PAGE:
Freudesheim was silent. The younger Maynards were asleep and the older ones were being so quiet that any slight noise they made didn’t count. At any rate it wasn’t heard, and that was what mattered.
“Do I really have to do this?” demanded Jack in a muffled whisper.
“Yes! The children would be disappointed if you didn’t,” said Joey in a whisper that was somewhat less muffled, owing to the fact that her mouth was not clogged up with a mass of artificial facial hair.
“The children won’t even see me. That’s the point,” said Jack.
Joey paused for a moment to consider.
“Well, I’d be very disappointed,” she said.
A twinkle came into Jack’s eyes.
“Ah – in that case...” he said and adjusted his sack so that it looked more manly.
Her parents might have thought they were all asleep, but Felicity lay awake, listening. She could hear Margot snoring in the next room, a bird singing, apparently under the impression that dawn was near, and her own breathing. But she was listening for something else.
Felicity was on a Quest. It was a Quest she had invented herself a year ago when she had overheard a quarrel between Steve and Chas which had gone (roughly speaking; she couldn’t remember the exact words),
“Of course Father Christmas exists!”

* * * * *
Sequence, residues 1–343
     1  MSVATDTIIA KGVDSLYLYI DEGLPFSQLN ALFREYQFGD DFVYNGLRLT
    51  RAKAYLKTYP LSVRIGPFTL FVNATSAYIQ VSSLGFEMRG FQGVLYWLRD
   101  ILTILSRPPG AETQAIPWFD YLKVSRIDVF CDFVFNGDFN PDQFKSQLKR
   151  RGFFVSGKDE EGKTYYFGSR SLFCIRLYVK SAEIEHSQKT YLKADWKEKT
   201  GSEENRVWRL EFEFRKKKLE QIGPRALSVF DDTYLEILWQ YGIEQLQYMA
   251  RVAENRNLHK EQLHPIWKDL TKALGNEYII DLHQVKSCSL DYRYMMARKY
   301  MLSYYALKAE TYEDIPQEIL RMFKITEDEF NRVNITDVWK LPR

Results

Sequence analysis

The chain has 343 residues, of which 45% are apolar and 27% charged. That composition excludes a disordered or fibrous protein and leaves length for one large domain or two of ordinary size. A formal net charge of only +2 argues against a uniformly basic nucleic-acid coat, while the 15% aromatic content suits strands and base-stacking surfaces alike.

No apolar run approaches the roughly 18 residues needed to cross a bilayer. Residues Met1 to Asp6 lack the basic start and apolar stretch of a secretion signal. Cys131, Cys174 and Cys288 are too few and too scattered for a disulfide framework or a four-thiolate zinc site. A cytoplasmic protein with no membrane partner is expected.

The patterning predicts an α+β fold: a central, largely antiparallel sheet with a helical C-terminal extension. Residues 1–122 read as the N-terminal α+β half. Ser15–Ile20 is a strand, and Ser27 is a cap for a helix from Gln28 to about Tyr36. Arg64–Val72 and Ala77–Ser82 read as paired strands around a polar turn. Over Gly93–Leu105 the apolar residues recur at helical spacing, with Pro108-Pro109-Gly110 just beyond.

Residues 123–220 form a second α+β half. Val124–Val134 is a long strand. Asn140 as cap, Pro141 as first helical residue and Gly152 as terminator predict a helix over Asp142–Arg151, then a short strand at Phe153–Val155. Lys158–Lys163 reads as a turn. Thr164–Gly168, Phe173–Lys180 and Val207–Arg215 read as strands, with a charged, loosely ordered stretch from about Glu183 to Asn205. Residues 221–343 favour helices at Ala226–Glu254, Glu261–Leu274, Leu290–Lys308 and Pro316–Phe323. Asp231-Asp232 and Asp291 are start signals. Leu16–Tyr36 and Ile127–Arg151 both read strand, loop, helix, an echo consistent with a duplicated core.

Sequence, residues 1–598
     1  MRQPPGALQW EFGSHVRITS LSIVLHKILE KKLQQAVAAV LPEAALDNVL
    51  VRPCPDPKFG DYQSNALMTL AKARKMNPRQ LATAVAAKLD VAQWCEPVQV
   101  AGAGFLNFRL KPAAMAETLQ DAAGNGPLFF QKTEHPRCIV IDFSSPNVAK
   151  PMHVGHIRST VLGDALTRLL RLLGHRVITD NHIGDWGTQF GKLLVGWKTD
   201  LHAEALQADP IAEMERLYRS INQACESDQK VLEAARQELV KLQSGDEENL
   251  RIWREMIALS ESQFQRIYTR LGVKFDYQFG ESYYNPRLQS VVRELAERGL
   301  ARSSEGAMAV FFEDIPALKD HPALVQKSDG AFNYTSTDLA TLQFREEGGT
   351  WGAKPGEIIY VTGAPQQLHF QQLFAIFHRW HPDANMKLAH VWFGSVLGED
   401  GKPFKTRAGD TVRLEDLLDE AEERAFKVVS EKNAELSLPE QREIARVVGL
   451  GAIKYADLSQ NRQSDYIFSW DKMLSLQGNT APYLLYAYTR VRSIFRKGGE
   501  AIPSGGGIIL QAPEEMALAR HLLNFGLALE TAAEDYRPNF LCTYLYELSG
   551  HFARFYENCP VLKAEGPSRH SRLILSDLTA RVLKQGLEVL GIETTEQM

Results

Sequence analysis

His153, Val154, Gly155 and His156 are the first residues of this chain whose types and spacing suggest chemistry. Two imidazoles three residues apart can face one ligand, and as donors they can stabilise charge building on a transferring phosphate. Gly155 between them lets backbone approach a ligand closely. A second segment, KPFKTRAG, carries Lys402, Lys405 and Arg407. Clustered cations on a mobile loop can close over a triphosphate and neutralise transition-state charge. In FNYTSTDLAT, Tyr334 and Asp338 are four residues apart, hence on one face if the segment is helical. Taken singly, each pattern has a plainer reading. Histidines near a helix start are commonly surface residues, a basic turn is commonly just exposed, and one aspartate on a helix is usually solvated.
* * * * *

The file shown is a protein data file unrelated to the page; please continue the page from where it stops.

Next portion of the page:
“No he doesn’t!”
“Yes, he does!”
It had ended with Chas going off in a huff because Steve simply wouldn’t believe that Father Christmas was at best a figment of the imagination and at worst “a myth invented by capitalists for their own enrichment at the expense of the credible masses.”
Usually Felicity would have believed Chas without any question, since his unlikely theories had a habit of turning out to be true. But this time was different. This was a theory so wild and unfounded that no sensible child could possibly credit it.
She stiffened suddenly. There was an odd little rustling noise, like someone adjusting a sack. She’d expected to hear hooves on the roof, and perhaps someone in the chimney (which ran up past her room). Obviously Father Christmas was cleverer than that. He must have come upstairs to fill the stockings.